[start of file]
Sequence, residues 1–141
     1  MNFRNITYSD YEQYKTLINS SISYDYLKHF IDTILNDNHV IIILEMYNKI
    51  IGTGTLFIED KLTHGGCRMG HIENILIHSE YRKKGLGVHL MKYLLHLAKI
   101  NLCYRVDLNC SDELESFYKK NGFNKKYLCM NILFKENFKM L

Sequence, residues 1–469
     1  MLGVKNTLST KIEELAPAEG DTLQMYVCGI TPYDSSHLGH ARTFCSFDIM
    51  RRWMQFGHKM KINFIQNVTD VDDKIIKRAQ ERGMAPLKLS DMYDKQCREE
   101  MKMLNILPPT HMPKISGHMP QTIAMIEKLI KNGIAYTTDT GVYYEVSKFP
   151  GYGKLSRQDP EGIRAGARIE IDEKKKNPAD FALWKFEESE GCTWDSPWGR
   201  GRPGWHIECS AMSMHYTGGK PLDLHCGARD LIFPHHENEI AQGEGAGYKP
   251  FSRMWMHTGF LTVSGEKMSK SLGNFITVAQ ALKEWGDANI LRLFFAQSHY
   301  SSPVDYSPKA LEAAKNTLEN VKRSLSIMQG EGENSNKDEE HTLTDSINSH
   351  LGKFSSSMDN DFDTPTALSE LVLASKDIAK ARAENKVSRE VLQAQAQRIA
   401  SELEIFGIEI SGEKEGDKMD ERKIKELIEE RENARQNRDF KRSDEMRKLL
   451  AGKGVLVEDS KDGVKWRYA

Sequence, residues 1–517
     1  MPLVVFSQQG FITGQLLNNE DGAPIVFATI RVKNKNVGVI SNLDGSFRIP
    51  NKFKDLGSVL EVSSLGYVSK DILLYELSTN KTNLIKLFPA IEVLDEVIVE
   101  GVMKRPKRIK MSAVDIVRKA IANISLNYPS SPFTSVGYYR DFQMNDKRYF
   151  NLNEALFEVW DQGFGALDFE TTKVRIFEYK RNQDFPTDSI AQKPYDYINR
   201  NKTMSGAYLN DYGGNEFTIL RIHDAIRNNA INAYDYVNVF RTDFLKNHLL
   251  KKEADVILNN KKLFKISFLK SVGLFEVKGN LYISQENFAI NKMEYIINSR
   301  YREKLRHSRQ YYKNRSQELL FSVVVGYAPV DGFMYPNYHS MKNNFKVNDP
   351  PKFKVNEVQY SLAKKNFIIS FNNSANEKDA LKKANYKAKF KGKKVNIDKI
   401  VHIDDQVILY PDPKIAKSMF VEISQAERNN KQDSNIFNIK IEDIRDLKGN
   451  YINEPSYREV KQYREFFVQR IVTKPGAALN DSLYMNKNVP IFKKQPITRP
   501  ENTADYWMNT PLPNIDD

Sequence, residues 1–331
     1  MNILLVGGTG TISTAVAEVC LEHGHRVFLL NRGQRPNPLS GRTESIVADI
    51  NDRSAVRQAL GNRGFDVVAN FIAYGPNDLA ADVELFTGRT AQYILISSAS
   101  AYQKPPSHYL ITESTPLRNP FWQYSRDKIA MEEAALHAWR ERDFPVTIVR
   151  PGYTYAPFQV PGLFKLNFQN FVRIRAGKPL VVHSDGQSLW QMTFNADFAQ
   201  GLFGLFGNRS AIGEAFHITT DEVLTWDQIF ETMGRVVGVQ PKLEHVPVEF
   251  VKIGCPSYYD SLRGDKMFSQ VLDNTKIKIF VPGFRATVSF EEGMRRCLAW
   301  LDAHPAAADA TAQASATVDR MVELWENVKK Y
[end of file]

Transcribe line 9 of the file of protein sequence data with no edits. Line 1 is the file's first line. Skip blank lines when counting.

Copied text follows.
   151  GYGKLSRQDP EGIRAGARIE IDEKKKNPAD FALWKFEESE GCTWDSPWGR